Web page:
PhD Candidates from University of Agder reflect on Gipuzkoa Sarean

PhD Candidates from University of Agder reflect on Gipuzkoa Sarean


Methods in Participatory and Interactive Research.
May 23rd-27th, 2016. San Sebastian. Considering what you learned in Norway and what you have seen here about Gipuzkoa Sarean, what would you underline? Going back one year ago, when I first
heard about the meeting or the projects, I was really fascinated because my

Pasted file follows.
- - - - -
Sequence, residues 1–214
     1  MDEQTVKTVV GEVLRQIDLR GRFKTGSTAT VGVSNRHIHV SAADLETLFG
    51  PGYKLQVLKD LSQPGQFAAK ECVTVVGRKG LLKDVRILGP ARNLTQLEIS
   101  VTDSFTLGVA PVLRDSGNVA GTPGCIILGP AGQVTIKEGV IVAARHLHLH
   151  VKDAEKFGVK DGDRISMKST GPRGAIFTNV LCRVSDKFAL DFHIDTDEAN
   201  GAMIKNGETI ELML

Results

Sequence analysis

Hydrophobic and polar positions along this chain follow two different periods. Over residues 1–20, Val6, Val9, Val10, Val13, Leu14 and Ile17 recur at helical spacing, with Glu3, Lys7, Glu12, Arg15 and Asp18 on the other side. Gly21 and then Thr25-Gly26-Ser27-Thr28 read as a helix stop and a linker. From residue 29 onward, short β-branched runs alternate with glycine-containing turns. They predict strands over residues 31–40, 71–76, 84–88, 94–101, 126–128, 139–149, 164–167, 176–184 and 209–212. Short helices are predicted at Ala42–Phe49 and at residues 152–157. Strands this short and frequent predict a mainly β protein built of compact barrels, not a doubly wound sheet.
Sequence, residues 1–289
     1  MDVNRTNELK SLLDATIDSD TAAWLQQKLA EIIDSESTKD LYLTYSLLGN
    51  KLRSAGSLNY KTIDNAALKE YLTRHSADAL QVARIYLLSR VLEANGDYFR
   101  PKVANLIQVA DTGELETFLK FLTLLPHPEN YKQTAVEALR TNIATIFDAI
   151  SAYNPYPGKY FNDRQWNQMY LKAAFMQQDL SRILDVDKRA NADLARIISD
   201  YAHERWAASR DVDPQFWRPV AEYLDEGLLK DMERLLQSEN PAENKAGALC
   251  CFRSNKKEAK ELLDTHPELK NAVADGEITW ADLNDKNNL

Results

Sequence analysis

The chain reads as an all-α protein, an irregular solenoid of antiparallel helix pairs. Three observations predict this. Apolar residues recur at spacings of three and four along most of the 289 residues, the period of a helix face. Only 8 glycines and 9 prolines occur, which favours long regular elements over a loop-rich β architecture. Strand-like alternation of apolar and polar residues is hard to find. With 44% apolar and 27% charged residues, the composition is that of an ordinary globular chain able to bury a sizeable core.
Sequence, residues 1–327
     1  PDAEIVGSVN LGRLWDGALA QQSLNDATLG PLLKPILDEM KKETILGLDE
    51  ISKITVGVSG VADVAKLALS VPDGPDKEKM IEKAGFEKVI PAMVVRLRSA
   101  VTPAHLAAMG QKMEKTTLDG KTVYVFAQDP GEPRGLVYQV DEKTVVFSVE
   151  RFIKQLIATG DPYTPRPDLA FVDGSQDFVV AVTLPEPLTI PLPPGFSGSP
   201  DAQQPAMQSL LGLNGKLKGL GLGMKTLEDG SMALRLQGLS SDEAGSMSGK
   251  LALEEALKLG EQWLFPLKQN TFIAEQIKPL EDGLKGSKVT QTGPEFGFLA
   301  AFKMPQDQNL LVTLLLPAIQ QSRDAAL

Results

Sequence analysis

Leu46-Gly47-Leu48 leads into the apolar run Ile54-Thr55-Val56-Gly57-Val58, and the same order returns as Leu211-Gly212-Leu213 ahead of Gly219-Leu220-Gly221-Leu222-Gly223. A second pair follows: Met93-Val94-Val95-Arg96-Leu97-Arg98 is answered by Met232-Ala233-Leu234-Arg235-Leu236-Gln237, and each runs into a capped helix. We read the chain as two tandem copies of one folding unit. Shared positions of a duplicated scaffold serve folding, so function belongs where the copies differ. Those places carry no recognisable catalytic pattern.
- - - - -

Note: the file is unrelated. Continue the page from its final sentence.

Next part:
background is a civil servants. And I’ve been working with regional development and regional industrial development for 15 years. So coming here as a PhD student, actually, attending a meeting where the interaction between policy makers and action researchers happens wa’s a good experience. First I would say that it’s been great to see the project here, because learning about it in Norway was a more abstract than feeling because you knew they were doing something with territorial development, but we didn’t know the region and you can’t really place the ideas. I think one of the main lessons learned is how to make the conflict explicit because we have a similar project in Norway, not with an action researcher but we are trying to make the collaborative environment between the researchers and the county better and I can see that there’s some underlying conflicts which nobody actually explicitly states in some way. So that would be my main lesson: that the honesty, the trust they have in actually making explicit both the expectations from both sides And I would also emphasize the respect the two environments have for each other in terms of knowledge, in terms of developments and that they in some way find the common ground for moving together in the same direction. I felt that it was very obvious that they really wanted to work together and I also see that the long-term perspective that this project has is of great importance and the role of Miren and you and the team that’s been following the changes in the government also has an extremely great value. It would be great to try something similar in Norway. I think that the gaps between institutions in Norway are greater. And also when it comes to the respect for scientific knowledge having a role to play in a more like stated ordinary life where you have something to deliver every day.

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